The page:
July 15, 2008 | National Review Online

Bravo Attorney General Mukasey

House Judiciary Chairman John Conyers (D-MI) is demanding the appointment of a special prosecutor to investigate CIA interrogation practices. Attorney General Michael Mukasey has refused. As is his wont, the AG has explained himself in a letter which makes one wish the president had brought him on board years earlier. The conclusion of the letter is worth quoting in full:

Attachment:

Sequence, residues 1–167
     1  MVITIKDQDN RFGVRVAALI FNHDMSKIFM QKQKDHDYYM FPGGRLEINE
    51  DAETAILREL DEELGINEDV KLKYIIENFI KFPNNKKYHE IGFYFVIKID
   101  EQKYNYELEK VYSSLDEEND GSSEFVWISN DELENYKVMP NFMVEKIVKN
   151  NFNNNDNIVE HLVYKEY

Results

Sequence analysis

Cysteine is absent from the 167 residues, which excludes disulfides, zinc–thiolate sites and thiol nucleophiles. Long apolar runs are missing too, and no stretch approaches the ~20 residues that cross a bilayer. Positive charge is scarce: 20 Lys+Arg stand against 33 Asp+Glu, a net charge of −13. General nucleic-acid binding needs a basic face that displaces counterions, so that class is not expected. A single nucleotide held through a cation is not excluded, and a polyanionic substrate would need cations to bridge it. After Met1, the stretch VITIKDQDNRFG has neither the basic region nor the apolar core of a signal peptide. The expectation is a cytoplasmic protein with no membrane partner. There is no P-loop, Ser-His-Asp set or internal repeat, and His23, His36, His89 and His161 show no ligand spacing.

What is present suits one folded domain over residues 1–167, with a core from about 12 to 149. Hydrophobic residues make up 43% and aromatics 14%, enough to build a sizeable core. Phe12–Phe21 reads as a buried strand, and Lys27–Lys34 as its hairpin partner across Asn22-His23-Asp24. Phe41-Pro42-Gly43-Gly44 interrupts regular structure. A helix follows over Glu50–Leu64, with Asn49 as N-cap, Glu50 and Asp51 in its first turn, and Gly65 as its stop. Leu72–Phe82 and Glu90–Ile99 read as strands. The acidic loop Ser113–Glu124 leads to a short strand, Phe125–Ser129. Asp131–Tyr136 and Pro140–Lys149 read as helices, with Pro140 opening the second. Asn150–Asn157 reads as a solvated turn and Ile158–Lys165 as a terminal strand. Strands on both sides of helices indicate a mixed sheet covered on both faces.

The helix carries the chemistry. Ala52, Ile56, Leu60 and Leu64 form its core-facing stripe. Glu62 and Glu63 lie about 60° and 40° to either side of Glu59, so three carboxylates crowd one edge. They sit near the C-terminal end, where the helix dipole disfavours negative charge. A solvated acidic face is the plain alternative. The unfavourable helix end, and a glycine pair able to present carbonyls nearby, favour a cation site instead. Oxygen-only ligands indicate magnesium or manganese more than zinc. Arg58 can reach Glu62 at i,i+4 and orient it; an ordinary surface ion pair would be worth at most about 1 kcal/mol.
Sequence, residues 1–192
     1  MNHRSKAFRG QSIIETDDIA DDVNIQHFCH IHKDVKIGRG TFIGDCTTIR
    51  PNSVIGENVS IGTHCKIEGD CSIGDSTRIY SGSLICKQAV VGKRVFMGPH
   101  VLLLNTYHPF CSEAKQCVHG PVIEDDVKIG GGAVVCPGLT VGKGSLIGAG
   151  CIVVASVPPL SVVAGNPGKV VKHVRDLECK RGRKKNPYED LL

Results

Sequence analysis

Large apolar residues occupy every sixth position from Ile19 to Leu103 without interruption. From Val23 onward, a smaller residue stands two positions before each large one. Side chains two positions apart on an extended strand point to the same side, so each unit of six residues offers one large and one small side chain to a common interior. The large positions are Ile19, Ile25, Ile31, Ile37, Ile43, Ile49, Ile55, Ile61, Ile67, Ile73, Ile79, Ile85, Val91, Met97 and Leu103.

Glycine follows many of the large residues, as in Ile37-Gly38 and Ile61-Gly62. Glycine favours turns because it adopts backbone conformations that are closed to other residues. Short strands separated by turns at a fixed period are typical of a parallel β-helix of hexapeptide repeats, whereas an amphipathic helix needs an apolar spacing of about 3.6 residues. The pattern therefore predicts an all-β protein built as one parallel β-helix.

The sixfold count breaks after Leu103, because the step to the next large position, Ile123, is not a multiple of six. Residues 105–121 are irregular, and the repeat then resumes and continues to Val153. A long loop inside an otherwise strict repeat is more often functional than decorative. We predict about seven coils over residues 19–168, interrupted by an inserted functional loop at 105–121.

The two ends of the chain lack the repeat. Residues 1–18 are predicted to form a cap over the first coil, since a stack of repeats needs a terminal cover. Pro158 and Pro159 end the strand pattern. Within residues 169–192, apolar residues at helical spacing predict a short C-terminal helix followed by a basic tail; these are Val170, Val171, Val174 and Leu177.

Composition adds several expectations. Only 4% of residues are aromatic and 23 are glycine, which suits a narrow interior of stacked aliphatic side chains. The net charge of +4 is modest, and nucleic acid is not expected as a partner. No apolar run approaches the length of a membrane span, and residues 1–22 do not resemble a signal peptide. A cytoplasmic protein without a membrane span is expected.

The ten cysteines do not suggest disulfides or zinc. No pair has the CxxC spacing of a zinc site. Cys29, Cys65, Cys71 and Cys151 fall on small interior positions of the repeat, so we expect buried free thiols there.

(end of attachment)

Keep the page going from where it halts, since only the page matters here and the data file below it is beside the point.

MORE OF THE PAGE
I understand that you and some of your colleagues disagree with the interrogation policies that the Executive Branch has chosen to use in defending our Nation fiom another terrorist attack in the six and one-half years following September 11,2001. I also appreciate the public interest in, and debate over, the wisdom and value of these policies, as well as the fidelity of those policies to our Nation's laws; indeed, I believe that such debate reflects the strength of our Constitution. But I strongly disagree with your suggestion that such debate should be resolved through a criminal investigation into the actions of government officials who formulated and carried out those policies. I believe such a request is unfair to those who have been charged with making the difficult decisions in protecting our Nation in the War on Terror, and to those who will be so charged in the future, and therefore is seriously short-sighted. Your letter requests the appointment of a special counsel to launch a criminal investigation into the actions of the President, members of his cabinet, and other national security lawyers and intelligence professionals in the approval and employment by the CIA of interrogation techniques against captured members of a1 Qaeda. However, you offer no evidence that these government officials acted pursuant to any motive other than a good-faith desire to protect the citizens of our Nation from a future terrorist attack. Nor have you provided any evidence or indication that these government officials believed they were authorizing any policy contrary to the laws of the United States. Quite the contrary: Before the CIA employed these interrogation techniques, government officials sought advice from the Department of Justice as to the lawfulness of the proposed course of conduct. The Department of Justice attorneys, in turn, provided that legal advice. I am aware of no evidence that in providing advice concerning the CIA program those attorneys acted in anything other than good faith based on their best judgment of what the law required. Your request for a criminal invest

 

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